First, use WinDriver to develop and debug your driver in the user mode. After everything is working, see if there are performance problems related to user-mode overhead. Normally, the problems arise with interrupt handling and accessing I/O-mapped (not memory-mapped) cards (since memory can be accessed directly from the user model, which is very efficient — see Technical Document #74).
Now, follow the instructions in the WinDriver PCI User’s Manual for creating a Kernel PlugIn project and driving it from the user-mode application.
Generally, you have three main options for developing your Kernel PlugIn project (and the corresponding user-mode application that controls it):
- Use the DriverWizard to generate a skeletal Kernel PlugIn project and user-mode application for your specific device (and then modify it as required). This option is available beginning with version 5.2.0 of WinDriver.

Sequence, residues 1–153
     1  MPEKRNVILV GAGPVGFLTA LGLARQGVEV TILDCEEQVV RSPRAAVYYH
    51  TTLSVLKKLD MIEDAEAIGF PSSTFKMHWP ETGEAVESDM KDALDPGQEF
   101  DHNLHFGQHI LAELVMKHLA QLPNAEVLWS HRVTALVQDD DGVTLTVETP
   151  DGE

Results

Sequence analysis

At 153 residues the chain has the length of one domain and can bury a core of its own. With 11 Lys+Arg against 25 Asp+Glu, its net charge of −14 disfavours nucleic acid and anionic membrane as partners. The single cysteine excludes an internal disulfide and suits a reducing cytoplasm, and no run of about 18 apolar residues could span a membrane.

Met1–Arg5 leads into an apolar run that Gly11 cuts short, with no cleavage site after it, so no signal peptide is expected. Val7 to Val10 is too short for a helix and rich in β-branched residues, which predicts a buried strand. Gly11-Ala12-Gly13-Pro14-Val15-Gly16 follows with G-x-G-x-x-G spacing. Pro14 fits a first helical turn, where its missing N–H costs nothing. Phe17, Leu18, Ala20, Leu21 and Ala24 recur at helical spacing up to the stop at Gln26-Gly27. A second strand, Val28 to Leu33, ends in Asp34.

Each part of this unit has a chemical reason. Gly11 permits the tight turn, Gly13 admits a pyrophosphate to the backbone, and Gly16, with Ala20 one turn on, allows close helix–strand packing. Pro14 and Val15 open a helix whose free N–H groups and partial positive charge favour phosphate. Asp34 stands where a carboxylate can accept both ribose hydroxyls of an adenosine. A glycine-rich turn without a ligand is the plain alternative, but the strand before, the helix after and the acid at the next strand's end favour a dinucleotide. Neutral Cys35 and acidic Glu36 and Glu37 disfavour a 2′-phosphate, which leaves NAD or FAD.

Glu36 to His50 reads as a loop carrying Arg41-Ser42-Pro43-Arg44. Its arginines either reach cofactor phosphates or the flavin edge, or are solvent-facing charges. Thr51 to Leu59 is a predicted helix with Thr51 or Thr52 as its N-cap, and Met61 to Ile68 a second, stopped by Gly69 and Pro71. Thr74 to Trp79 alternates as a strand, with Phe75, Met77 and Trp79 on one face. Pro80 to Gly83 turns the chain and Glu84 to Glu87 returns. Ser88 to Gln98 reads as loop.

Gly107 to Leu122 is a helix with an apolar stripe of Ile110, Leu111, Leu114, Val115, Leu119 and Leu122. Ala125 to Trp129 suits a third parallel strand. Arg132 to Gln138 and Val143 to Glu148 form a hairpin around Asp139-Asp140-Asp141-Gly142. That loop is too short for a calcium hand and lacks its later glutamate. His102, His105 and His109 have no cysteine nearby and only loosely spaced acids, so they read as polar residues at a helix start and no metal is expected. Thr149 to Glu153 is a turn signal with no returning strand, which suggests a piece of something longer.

- Use the source code of the sample WinDriver Kernel PlugIn driver (KP_PCI found in the v7.0.0+ WinDriver/samples/pci_diag/kp_pcidirectory; or KPTEST from the WinDriver/kerplug/kptest directory — for older versions of WinDriver) as a skeleton for your kernel project; move code from your user-mode driver to yourKernel PlugIn project; and add calls to your Kernel PlugIn driver from your user-mode application.
- Write your own Kernel PlugIn project “from scratch” (and modify your user- mode application to driver it).